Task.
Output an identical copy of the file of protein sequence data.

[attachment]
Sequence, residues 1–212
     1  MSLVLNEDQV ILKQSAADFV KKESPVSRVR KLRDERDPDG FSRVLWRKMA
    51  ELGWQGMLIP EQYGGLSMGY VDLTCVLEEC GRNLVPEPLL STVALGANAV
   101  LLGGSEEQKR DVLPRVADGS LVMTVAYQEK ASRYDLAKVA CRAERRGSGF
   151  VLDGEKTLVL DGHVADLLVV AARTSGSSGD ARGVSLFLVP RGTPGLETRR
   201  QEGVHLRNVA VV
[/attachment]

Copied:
Sequence, residues 1–212
     1  MSLVLNEDQV ILKQSAADFV KKESPVSRVR KLRDERDPDG FSRVLWRKMA
    51  ELGWQGMLIP EQYGGLSMGY VDLTCVLEEC GRNLVPEPLL STVALGANAV
   101  LLGGSEEQKR DVLPRVADGS LVMTVAYQEK ASRYDLAKVA CRAERRGSGF
   151  VLDGEKTLVL DGHVADLLVV AARTSGSSGD ARGVSLFLVP RGTPGLETRR
   201  QEGVHLRNVA VV